New York City

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After wrestling with mad city traffic and New York's famous potholes for almost an hour I finally called the motel for instructions to find that we had the wrong ones - wrong freeway and wrong exit. Eventually we managed to cross the Bronx to find the right freeway, only to discover that we could see the motel over the other side, with no place to cross. The motel looked like a bit of a dive so we decided to seek elsewhere. We stopped at a nice looking place that we had passed during our search, only to discover that no rooms were rented by the night - all were on an hourly rate - don't think that would have been a place conducive to a good night's sleep!!!
Eventually we decided to drive north-east, toward Connecticut, which has good train connections to the City. We spent the night in a small, old, but well cared for motel in Mamaroneck, which is still in New York state. We would have stayed longer, but it was incredibly noisy, with a lot of coming and going by other guests. When we were researching places to stay, we had found a motel in Stamford, Connecticut, so we drove there on Wednesday morning and checked in. They provide a shuttle bus to the train station and the train into Grand Central Station takes somewhere around an hour - shorter if you catch an express. One of the major problems we faced when trying to work out the logistics of a visit to New York City was finding somewhere to stay that we could easily park the truck. A lot of motels closer in to the city have height limitations on their parking and hotels in Manhattan were completely out of the question because, in lots of cases, they provide no parking at all. Stamford was actually quite convenient, even with such a long train trip.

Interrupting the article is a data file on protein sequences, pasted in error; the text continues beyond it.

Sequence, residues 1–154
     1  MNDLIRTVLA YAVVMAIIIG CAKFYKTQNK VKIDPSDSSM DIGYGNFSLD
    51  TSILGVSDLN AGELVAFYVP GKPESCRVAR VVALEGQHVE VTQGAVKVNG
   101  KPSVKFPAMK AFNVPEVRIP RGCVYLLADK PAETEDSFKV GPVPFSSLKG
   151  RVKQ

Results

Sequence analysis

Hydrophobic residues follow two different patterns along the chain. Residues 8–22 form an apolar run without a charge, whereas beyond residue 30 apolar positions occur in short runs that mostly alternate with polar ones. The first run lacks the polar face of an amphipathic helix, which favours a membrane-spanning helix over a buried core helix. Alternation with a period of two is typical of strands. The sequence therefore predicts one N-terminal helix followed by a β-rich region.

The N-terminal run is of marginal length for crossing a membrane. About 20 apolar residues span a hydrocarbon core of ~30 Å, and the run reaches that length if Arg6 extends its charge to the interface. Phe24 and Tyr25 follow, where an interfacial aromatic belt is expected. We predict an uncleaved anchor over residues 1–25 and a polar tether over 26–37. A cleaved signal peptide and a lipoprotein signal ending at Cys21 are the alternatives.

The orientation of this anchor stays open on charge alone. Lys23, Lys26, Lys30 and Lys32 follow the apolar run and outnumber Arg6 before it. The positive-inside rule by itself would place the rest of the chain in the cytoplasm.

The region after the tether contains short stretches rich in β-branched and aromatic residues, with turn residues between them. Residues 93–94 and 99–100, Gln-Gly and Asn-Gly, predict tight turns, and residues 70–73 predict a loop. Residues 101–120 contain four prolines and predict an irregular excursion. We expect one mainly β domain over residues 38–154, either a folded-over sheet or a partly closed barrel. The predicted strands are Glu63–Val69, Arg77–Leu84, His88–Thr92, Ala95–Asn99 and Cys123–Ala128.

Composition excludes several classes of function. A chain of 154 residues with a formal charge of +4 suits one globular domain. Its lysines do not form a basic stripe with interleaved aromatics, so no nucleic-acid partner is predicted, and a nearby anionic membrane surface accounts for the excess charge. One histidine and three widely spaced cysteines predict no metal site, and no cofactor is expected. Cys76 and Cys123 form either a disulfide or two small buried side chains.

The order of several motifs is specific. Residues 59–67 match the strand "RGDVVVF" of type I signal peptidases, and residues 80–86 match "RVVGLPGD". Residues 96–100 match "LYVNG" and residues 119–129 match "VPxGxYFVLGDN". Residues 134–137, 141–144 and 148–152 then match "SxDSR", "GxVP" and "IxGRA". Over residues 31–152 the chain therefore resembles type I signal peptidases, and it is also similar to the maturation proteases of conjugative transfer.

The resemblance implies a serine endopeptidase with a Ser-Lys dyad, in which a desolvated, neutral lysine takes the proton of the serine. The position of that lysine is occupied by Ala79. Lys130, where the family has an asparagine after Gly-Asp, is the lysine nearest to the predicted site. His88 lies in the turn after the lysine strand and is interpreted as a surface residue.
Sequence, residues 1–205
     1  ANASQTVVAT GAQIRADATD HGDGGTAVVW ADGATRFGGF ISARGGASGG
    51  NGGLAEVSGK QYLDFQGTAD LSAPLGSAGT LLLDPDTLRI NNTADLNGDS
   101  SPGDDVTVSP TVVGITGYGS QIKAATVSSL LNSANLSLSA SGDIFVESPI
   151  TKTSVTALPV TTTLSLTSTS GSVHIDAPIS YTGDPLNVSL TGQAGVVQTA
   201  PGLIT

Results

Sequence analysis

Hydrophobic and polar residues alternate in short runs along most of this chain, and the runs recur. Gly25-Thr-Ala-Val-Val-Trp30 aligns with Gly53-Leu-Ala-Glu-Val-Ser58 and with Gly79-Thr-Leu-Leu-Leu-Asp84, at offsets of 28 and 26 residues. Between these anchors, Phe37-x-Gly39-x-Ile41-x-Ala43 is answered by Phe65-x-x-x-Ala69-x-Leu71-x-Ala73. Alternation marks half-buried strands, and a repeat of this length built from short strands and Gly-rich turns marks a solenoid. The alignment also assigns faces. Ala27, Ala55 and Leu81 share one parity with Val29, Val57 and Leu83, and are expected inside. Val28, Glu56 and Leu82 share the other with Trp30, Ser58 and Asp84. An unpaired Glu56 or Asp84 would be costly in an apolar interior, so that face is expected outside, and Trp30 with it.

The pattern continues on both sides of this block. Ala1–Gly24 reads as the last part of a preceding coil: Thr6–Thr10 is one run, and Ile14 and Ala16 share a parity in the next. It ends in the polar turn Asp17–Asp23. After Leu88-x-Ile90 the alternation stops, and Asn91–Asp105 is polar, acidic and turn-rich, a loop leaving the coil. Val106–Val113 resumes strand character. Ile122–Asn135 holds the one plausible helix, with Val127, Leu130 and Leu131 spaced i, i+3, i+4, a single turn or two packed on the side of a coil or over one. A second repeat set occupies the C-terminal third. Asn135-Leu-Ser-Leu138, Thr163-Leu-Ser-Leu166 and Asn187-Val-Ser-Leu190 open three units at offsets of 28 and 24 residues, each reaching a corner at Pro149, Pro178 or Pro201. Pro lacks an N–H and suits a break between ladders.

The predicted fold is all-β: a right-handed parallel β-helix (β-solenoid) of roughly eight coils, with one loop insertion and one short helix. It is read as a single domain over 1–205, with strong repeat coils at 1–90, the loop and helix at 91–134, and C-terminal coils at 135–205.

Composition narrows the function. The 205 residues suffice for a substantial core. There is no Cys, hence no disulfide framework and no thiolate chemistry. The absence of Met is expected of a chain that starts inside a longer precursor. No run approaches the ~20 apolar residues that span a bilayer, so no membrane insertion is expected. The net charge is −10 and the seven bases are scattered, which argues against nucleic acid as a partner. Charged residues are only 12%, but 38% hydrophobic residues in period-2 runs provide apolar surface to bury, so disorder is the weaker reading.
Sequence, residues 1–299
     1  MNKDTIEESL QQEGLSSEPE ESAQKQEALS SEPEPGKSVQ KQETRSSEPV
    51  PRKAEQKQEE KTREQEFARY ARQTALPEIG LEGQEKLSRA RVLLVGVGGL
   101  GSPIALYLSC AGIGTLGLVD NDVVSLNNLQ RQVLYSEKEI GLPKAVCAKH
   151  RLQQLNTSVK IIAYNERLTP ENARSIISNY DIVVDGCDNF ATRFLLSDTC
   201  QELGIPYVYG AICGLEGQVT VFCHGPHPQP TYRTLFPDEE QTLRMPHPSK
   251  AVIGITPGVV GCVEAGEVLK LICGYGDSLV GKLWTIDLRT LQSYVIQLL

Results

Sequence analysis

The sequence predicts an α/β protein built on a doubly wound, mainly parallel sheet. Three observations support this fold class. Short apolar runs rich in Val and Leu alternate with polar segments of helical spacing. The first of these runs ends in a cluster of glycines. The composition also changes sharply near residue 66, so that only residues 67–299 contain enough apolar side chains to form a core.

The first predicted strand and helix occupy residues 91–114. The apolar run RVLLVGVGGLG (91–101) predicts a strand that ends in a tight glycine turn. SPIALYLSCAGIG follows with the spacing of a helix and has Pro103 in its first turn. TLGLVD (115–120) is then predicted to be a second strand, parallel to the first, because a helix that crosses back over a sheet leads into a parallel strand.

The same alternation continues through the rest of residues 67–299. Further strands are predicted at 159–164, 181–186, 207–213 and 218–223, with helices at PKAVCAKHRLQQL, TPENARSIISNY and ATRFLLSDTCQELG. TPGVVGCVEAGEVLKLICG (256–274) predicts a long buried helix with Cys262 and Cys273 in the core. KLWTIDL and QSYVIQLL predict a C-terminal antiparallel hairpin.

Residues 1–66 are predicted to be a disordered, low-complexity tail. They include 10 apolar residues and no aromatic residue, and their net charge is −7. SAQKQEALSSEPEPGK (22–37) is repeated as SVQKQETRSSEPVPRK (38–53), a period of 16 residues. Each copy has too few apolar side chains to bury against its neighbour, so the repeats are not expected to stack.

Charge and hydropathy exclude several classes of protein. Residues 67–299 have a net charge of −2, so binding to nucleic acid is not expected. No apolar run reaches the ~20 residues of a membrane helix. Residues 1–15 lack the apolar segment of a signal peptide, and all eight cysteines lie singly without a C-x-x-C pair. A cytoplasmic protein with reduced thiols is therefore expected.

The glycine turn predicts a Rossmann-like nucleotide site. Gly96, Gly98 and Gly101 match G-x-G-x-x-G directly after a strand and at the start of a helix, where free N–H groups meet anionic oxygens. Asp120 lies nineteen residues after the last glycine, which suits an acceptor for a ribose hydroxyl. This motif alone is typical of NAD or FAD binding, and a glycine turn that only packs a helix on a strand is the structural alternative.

We spent 3 days visiting the city. One of the main reasons for going there was to visit the MoMA - the Museum of Modern Art. We made it our first stop because we weren't sure how Juergen's foot would hold up. When we arrived there we asked about the possibility of having a wheelchair - they provided one immediately, free of charge, and Juergen happily wheeled himself around the museum for the whole afternoon. I don't think he would have lasted more than an hour without it. The museum really lived up to expectations and I think it is worth all the time we spent - and more!
We took a ferry to Staten Island on Thursday. It is a free service which runs every half hour, and passes the Statue of Liberty and Ellis Island. It also affords a fantastic view of the New York skyline that is only possible from the water. The trip takes an hour there and back, if you are lucky enough to get off one ferry and straight onto a returning one. Unfortunately we were moving a bit too slow for that and had a half hour rest in the waiting room of the Staten Island terminal. This is a great way to see these sights, and unlike everything else in New York, it is definitely not expensive...